SALEM, Ore.– The Oregon Department of Corrections (DOC) announced that the state will close its death row at the Oregon State Penitentiary, where more than two dozen inmates are held in solitary confinement.
While this move neither bars the death penalty in Oregon nor commutes the sentences of those condemned to death, it represents a positive shift away from the use of capital punishment, which we believe is unconstitutional.
Jann Carson, interim executive director of the ACLU of Oregon, issued the following statement:
“We applaud Oregon for closing our costly and cruel death row and moving to more humane and effective practices that keep prisoners and staff safe. Death row in Oregon is long-term solitary confinement that does not promote rehabilitation or accountability, nor does it make prisons safer.”
“Oregonians recognize that the death penalty is racist, arbitrary, error-prone, and is applied in an unfair and unjust manner against people, largely dependent on how much money they have, the skill of their attorneys, and the race of the victim. Capital punishment has no place in our justice system and must end. Governor Brown should take the next step to move Oregon forward by commuting the row.”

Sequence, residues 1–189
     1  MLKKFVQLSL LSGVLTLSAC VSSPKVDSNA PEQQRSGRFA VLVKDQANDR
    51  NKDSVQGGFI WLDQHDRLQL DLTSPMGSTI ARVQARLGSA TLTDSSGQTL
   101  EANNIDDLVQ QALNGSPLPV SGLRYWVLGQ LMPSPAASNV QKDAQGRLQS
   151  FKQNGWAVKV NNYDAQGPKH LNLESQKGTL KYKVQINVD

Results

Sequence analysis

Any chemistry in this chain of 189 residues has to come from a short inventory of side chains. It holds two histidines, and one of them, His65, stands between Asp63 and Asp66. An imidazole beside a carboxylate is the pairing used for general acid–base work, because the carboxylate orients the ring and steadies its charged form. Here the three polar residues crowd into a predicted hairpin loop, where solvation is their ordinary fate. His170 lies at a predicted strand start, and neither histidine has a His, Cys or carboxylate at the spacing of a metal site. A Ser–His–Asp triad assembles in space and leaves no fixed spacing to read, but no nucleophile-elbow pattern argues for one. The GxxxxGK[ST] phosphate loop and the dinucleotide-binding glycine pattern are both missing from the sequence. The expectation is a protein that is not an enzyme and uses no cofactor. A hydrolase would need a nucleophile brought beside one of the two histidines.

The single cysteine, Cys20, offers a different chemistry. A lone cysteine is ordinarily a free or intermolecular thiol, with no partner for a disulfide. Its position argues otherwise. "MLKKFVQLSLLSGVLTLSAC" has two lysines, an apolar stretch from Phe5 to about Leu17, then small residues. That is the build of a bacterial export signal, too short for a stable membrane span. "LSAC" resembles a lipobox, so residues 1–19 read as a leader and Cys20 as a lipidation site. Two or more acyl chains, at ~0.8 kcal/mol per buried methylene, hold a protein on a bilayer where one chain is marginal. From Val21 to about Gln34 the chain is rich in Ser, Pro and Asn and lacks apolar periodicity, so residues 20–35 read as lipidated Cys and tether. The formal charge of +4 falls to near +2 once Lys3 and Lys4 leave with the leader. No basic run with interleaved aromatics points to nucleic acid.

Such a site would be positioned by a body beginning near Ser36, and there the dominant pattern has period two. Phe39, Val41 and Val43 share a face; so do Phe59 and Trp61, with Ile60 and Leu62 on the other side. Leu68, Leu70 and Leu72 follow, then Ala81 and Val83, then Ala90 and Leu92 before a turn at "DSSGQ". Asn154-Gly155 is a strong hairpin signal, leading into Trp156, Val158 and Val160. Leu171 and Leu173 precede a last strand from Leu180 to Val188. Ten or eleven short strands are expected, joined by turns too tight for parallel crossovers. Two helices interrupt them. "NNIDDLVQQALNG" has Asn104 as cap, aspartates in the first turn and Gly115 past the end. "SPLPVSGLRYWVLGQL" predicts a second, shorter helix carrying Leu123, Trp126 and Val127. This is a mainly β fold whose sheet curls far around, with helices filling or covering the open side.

Cassandra Stubbs, director of the ACLU’s Capital Punishment Project, issued the following statement:
“We commend this move by Governor Brown, which aligns Oregon with states that are leading in the effort to build more just and fair criminal legal systems. Long-term solitary confinement is torture and inhumane. All across the country, we are seeing states and people turn away from the death penalty. Since 1976, more than 165 people have been exonerated from death row for crimes they did not commit — the death penalty makes the mistakes and racism of the justice system permanent. There is just no excuse for these punishments in any country we would aspire to be."